What does Carruthers mean by this? To begin, it is essential to clarify just what we mean by “consciousness.” What is it to be conscious? There are three kinds of things of which we can say we are conscious:
- Bodily feelings like pain, itch, cold, heat, and so on
- Moods — emotions such as fear or joy
- Objects, either physical objects (a tree or a person) or conceptual objects (mercy, justice, mathematical concepts, and the like).
Consciousness of bodily feelings and emotions are qualia, which are the subjective components of thought. Consciousness of objects — whether physical or conceptual — is called intentionality by philosophers. Intentionality is the ability of a thought to be directed toward an object. All consciousness of this sort is “about” something. Material things that merely exist lack intentionality. For example, my thought, while writing this post, is about philosophy of mind (intentional). The pen on my desk is merely a thing. It is not “about” anything. We can say that it lacks inherent intentionality. Even consciousness of bodily feelings and emotions can be said to be intentional. (There is a debate about whether qualia are really a subset of intentionality but we will not pursue it here.)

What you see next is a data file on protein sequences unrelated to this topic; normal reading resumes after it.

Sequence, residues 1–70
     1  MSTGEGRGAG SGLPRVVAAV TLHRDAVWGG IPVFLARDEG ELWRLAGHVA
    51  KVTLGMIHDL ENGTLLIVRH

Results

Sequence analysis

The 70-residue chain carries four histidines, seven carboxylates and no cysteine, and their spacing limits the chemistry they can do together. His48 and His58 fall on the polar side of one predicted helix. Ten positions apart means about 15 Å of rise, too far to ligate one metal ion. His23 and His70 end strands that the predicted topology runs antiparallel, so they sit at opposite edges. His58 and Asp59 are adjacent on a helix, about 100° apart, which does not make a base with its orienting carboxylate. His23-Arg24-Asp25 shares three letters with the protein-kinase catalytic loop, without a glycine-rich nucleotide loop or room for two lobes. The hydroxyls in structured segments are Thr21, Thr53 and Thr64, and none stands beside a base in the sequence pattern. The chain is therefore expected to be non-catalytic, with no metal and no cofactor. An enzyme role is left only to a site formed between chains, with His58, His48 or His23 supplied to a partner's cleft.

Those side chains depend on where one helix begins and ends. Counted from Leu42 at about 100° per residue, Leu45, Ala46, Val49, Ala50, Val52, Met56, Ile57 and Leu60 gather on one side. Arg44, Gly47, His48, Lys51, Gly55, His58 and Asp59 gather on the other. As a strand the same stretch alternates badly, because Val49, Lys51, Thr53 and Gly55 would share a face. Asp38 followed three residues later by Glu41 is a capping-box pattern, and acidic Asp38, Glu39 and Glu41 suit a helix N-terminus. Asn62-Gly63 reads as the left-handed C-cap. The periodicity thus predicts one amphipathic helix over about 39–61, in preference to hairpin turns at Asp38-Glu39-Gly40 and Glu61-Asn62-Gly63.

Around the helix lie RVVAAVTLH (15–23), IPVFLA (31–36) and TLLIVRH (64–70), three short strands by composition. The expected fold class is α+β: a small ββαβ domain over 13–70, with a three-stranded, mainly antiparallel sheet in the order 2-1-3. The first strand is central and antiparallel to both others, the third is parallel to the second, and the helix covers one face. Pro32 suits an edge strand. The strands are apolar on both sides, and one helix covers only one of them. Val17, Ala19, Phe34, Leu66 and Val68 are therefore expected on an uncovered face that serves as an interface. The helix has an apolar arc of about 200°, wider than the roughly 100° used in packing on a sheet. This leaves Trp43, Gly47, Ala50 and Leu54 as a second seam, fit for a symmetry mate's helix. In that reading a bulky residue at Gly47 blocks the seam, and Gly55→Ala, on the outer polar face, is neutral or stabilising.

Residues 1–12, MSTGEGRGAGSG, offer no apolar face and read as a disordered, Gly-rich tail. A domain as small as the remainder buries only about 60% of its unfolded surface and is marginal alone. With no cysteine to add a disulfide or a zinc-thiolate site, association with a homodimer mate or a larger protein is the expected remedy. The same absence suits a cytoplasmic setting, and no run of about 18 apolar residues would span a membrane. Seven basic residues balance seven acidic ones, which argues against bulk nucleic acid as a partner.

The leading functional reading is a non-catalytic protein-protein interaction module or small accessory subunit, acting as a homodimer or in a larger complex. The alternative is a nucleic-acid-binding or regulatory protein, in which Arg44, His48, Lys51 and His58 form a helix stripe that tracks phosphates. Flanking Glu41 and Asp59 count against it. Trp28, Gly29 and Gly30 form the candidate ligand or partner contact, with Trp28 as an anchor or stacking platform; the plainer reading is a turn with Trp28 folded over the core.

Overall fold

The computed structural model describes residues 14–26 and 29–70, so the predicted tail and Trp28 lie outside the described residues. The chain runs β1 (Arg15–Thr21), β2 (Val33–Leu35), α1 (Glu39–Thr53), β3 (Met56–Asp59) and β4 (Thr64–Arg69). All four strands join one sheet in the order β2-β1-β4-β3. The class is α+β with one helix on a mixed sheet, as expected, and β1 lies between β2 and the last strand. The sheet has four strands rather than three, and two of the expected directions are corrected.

I believe that the most satisfactory definition of consciousness is the intentional power of the mind — the ability of thought to be “about” something. Consciousness is always directed to an object, whether that object is physical, emotional, or conceptual. If there is no “aboutness,” there is no consciousness.
All intentionality entails two things: the process by which (1) we think about something, and the thing about which (2) we think. When I perceive a tree, I am perceiving (1) a tree (2). When I think about justice, I am contemplating (1) justice (2).